At one time, it wasn’t unusual for some Republican politicians to be openly pro-choice. It was also the common position for Republicans to support exceptions to abortion in the cases of rape, incest, or threats to the mother’s health. That’s not the situation today. The pro-life movement has insisted that there shall be no exceptions to an abortion ban, and the party has dutifully followed along. Thus, they won’t be content merely with heartbeat bills; they will push for the full bans with no exceptions. That will lead to an interesting battle within the GOP over what to do. Do they bow to the pro-life movement’s demands and risk electoral defeat, or do they try to strike a balance between voters and their pro-life backers? My guess is that they will do the latter. Republicans aren’t wont to risk their political fortunes over abortion. But hey, who knows? Maybe pigs will fly this summer.

There will be those on the Right who insist this court decision is a victory for two different reasons. One is that they take Leftists at their hysteria [15] and claim the decision will serve as a precedent to wipe away other liberal victories. Liberals worry and Right-wingers salivate over the prospect that this decision may set in motion the repealing of Obergefell v. Hodges, which made gay marriage legal throughout the country. Some dreamers even wonder if it could overturn the Supreme Court’s decisions on interracial marriage and school integration.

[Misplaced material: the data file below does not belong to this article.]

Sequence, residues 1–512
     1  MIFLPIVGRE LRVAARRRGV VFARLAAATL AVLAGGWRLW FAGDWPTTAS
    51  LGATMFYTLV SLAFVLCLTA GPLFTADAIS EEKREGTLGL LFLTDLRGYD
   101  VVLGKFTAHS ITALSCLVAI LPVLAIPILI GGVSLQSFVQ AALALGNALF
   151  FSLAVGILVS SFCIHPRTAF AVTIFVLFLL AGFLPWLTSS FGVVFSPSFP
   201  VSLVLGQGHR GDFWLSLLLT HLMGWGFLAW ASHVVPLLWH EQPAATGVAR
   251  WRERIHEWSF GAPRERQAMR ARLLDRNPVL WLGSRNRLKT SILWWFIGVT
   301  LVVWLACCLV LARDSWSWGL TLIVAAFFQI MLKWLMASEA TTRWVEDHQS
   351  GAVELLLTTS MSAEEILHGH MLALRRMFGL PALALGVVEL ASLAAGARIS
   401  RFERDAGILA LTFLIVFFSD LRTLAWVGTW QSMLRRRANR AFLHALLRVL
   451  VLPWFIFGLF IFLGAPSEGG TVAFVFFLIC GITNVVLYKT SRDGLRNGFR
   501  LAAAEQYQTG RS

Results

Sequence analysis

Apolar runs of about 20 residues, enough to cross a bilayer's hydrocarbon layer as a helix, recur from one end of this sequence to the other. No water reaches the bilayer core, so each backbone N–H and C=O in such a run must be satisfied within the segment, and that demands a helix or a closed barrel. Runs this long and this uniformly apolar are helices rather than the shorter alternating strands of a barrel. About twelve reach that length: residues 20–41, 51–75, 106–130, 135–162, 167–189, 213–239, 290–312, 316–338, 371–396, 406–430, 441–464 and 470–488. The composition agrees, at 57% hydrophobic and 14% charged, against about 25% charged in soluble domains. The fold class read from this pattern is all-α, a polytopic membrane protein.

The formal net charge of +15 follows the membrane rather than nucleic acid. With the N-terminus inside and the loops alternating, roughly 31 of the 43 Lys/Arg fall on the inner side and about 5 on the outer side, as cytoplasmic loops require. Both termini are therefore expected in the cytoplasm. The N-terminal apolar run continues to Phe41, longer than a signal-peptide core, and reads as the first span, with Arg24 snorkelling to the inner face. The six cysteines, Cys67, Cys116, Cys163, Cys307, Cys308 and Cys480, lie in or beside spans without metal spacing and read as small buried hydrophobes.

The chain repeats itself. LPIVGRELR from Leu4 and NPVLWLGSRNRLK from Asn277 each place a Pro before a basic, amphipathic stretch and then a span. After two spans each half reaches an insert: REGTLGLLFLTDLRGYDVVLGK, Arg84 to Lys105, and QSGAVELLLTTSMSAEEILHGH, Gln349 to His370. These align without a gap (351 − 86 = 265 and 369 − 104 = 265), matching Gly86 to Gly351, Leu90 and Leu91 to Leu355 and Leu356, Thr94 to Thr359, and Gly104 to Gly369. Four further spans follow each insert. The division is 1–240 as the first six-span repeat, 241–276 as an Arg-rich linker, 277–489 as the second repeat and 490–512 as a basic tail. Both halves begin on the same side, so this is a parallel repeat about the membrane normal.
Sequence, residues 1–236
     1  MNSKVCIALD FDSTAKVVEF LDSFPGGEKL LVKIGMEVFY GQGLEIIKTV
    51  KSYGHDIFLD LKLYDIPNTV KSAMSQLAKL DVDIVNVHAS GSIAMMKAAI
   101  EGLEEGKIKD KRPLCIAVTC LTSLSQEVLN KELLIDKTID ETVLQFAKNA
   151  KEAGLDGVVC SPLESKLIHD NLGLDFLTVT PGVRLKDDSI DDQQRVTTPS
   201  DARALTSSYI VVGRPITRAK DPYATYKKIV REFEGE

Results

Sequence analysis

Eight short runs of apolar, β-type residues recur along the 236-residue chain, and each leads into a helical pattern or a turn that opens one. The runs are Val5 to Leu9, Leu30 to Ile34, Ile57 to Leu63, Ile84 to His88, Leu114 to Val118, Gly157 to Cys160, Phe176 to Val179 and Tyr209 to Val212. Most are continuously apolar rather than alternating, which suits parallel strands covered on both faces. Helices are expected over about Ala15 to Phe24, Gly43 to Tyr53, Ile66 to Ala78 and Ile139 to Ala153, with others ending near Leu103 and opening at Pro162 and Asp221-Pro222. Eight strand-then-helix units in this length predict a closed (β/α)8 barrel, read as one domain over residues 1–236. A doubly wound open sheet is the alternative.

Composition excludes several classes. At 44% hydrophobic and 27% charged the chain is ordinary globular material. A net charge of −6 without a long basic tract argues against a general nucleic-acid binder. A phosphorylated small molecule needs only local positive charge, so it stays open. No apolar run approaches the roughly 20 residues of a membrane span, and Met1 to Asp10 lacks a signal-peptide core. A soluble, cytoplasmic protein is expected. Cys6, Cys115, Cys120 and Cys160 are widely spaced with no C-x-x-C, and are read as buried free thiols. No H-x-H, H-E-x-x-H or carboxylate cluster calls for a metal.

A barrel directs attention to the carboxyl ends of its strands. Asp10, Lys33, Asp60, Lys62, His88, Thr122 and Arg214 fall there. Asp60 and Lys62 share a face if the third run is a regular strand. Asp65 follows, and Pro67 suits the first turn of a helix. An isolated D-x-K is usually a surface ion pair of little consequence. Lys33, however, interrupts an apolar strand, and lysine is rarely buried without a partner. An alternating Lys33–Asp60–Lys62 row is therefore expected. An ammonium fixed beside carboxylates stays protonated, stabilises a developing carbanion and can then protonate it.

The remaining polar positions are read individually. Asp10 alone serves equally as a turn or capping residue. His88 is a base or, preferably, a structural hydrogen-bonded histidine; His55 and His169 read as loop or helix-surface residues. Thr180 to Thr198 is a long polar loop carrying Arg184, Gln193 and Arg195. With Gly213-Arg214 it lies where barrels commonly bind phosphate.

None of these things are likely to happen. A reversal of Obergefell was a realistic idea immediate after the ruling was made in 2015, but that moment is long gone. The GOP no longer cares about gay marriage. Neither does the Religious Right. Extremely online Right-wingers are the only people to bring it up these days. In order for gay marriage to be overturned, a state would have to challenge the ruling, and it’s doubtful that any state will vote to ban gay marriage in the near future. Pro-lifers sent “LGBT for Life” groups [16] to heckle pro-choice protesters, indicating their fealty to the gay cause. For better or worse, it’s an issue the country has moved on from. The same applies even more strongly to interracial marriage and school integration. Do you expect Clarence Thomas to outlaw his own marriage? These are just fantasies.

The second argument is that striking down abortion is good because the issue is an idol for the Left. This is true, but the arguments used to strike at this idol reinforce other idols. Conservatives are more comfortable being radically pro-life than radically anti-immigration or anti-gay marriage because many of the arguments against abortion fit nicely within modern liberalism: “It’s racist.” “It’s black genocide.” “It’s eugenics.” “It preys on women.” Abortion is attacked for violating the norms of modern liberalism. Tearing it down doesn’t necessarily undermine the regime’s dogmas; it reinforces racial egalitarianism and fealty to anti-racism. Those are more our concern than abortion.

It’s doubtful this decision will shake the regime to its core. Corporations don’t even bother to boycott states [17] that pass heartbeat bills — but they will do so against states that try to reform election laws or honor the Confederate flag. Some idols are more important to the system than others.

Again, abortion is not our fight. Let the mainstream conservatives handle it. If most states keep abortion in place, it will have negligible demographic effects. There’s no chance of a nationwide ban passing, and many of these red states will falter in banning the practice. Much will remain the same in a post-Roe America. We shouldn’t allow it to distract us from the real struggle.